Smoking With Weike Wang
by Gabe Durham Read the Story June 27, 2011
This last winter was the worst the northeast has seen in awhile. What did you do to stay warm? To stay happy?
I can’t stand the cold, although I did grow up in Michigan. This winter, I bought too many space heaters. I placed them around my bedroom so that the room would feel like a sauna. Then I lounged around like it was summer — shorts, t-shirt, flip flops. Going outside was a bit tricky as my coat was not self heating. So instead, I invested in many pairs of leg warmers that I also wore as arm warmers. When it got really cold, I stayed in my sauna and watched the cold from my steamed up window. To stay happy I drank skim cappuccinos in the morning. I have this self sufficient cappuccino maker that has cow spots on it. My boyfriend and I call it the courageous cow. When the pressure valve pops and the milk foams, the courageous cow gives off a mighty moo, an exclamatory release of steam — ‘ah, coffee!’
This story knows itself well. For instance, the invented word “lawnway” could only come out of the narrator’s observation that the snow’s too thick to tell the difference between the lawn and driveway. You’re a big drafter, huh?
Sometimes. I don’t have a number in mind when drafting because I consider the whole process after the first ‘draft’ as one long revision. “A Morning Routine” I actually wrote in one sitting. Lawnway is what I call my driveway/lawn in Michigan in the dead of winter, so the vocabulary was very local. I try to stay local with my stories but fresh at the same time. However when I actually sit down to write, what’s ‘local and fresh’ is not always so straightforward because when I sense myself reaching for something original rather than coming across it, my writing comes out plastic.
Is most of your fiction coming out this short right now? What else are you working on?
Yes, most of my fiction is short. I have an easier time seeing the structure. Also the short fits me better. I can focus very well for a very short amount of time after that I lose much of my spontaneity. But I do want to write longer, more traditional stories, though I find that the longer I stay in the short form the harder it is to pick up a longer format. This summer, I plan on writing something longer but as of right now, I am still writing short shorts. A few times a week, I jot down phrases that I’d like to have in a story. When I start a story, I pick a phrase and go from there.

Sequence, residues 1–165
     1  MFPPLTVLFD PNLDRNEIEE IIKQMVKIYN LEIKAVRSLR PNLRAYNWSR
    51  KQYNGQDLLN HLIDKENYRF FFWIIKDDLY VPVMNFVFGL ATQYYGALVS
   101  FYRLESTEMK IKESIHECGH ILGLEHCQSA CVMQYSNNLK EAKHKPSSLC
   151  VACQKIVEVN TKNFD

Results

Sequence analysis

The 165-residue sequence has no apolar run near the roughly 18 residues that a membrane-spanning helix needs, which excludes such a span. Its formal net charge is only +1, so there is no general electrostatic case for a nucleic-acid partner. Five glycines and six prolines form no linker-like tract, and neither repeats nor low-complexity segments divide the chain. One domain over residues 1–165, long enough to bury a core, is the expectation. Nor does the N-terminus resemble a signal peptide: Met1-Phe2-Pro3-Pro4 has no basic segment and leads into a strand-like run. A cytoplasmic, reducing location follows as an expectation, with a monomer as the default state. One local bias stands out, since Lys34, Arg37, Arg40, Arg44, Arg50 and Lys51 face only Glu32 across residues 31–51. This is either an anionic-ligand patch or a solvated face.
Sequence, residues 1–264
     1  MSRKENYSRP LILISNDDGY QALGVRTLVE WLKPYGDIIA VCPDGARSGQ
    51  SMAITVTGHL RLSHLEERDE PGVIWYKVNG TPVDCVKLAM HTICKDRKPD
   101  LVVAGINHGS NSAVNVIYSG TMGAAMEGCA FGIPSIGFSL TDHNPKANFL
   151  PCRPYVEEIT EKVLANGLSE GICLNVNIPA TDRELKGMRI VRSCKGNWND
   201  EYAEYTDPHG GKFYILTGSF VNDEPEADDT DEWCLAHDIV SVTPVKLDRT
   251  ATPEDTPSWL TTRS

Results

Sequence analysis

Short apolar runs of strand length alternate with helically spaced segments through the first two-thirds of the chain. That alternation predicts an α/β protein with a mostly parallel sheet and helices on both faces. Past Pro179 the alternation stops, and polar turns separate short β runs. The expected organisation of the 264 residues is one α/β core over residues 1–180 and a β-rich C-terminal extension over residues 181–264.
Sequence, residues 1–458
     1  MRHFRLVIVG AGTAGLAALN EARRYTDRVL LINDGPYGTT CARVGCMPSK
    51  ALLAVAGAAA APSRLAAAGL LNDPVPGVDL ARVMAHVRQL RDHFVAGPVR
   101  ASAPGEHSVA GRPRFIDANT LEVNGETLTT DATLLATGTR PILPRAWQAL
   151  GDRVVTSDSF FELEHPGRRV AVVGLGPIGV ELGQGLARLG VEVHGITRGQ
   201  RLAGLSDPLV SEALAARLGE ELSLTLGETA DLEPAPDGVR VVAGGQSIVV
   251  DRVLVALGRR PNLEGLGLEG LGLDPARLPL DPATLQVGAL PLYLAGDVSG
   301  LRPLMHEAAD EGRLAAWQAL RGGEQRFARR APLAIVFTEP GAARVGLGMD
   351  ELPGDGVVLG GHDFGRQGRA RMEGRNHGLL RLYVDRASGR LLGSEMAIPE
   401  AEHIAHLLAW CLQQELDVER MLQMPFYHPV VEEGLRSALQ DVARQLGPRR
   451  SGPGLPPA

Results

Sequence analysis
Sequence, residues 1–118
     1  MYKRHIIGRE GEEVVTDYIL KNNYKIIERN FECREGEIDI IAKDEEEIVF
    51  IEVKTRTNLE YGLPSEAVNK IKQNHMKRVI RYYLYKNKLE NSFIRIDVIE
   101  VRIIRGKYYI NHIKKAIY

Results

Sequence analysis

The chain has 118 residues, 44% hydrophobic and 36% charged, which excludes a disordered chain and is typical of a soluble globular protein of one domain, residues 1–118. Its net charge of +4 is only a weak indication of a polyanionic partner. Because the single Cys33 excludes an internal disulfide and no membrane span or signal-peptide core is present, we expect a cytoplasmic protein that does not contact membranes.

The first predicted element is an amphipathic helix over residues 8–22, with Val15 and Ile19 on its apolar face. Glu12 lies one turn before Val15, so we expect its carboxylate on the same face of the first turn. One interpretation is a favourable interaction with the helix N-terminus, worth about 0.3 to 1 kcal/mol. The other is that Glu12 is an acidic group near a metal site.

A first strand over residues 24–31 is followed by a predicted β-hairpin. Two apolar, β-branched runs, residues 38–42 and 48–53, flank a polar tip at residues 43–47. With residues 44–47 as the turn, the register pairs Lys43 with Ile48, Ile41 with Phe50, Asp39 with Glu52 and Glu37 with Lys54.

How does organic chemistry inform your fiction?
I don’t mix my science and my fiction well. They demand different parts of my creativity and logic. But organic chemistry does provide a distraction to fiction and vice versa. I work best with some kind of distraction in the back of my head. It adds a little pressure, hurries me along and reminds me to just write it out rather chew it stale.
What have you been reading lately?
Palm-of-the-Hand Stories (Recommended to me by my writing teacher a long time ago that I never got around to reading due to missing free time.)
Slouching to Bethlehem (Birthday gift from a friend who enjoys nonfiction, thinks I should write nonfiction and asks me every time which essay I’m on.)
Jane Eyre (A favorite that I’m continuously rereading for its lessons on beauty.)
I worked coffee one summer and spent much of the first couple weeks pretty flustered. What might you tell the world’s apologetic new baristas?
New baristas should ignore impatient morning customers (like me). They should also adopt a friendly level of friendliness. Too much sunshine and chatter is overbearing but a smile is always appreciated.
About the Author:
Weike Wang is an organic chemist at Harvard University who writes in between experiments.
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